In the frequency independent case, super-stars act as evolutionary amplifiers that are able to guarantee the fixation of mutants with an arbitrarily small fitness advantage and thus suppress random drift entirely. In the frequency dependent case they exhibit similarly striking features in that they can guarantee fixation of a dominated strategy (at least if the payoff is determined through interactions with their downstream neighbors). In that case, the fixation probability is given the original Moran process with r=(b/d)(b/c)K-1, where b, c, and d again refer to the entries in the payoff matrix. The simulation illustrates the case where individuals interact with all neighbors (upstream and downstream) and their fitness is given by their average performance. In that case, dominated strategies also reach fixation with very high probabilities, however, it is another open question, whether fixation can be guaranteed.
In the frequency dependent case, the dynamics and fixation probabilities of mutants, in general, and of dominated strategies, in particular, is an open issue. However, the results for the frequency independent case suggest, that dominated strategies should be weakly favored on scale-free networks but to what extend will depend on the payoff values. This simulation considers a single mutant with the same parameter values as the simulations above. How does it compare to the well-mixed case and the different star-like structures?
Along the bottom of the VirtualLab are several buttons to control the execution and the speed of the simulations. Of particular importance are the Param button and the data views pop-up list on top. The former opens a panel that allows to set and change various parameters concerning the game as well as the population structure, while the latter displays the simulation data in different ways.
|New resident||New mutant|
Note: The yellow and green strategy colors are very useful to get an impression of the activitiy in the system.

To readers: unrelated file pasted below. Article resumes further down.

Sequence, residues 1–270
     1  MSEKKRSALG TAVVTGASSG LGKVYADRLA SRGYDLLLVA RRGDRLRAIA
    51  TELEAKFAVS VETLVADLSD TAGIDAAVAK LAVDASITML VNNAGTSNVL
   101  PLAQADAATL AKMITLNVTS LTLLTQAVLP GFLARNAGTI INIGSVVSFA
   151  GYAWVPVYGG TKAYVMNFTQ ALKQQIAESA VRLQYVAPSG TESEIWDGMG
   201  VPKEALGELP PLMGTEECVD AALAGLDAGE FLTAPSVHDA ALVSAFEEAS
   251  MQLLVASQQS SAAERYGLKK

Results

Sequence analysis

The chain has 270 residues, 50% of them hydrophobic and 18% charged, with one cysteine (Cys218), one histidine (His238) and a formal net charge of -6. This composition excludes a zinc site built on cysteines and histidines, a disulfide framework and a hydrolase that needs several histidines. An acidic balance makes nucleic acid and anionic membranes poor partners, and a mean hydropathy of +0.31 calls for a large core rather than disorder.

|Params||Pop up panel to set various parameters.|
|Views||Pop up list of different data presentations.|
|Slider||Idle time between updates. On the right your CPU clock determines the update speed while on the left updates are made roughly once per second.|
|Mouse||Mouse clicks on the graphics panels generally start, resume or stop the simulations.|
|Structure - Strategy||Snapshot of the spatial arrangement of strategies. Mouse clicks cyclically change the strategy/type of the respective site for the preparation of custom initial configurations.|
|Mean frequency||Time evolution of the strategy frequencies.|
|Structure - Fitness||Snapshot of the spatial distribution of payoffs.|
|Mean Fitness||Time evolution of the mean payoff of each strategy together with the average population payoff.|
|Histogram - Fitness||Histogram of payoffs for each strategy.|
The list below describes only the parameters relevant for the frequency dependent Moran process. Follow the link for a complete list and detailed descriptions of all other parameters such as spatial arrangements or update rules on the player and population level.
- reward for mutual cooperation.
- temptation to defect, i.e. payoff the defector gets when matched with a cooperator.
- sucker's payoff which denotes the payoff the cooperator gets when matched with a defector.
- punishment for mutual defection.
- Init Coop, init defect:
- initial fractions of cooperators and defectors. If they do not add up to 100%, the values will be scaled accordingly. Setting the fraction of cooperators to 100% and of defectors to zero, then the lattice is initialized with a symmetrical configuration.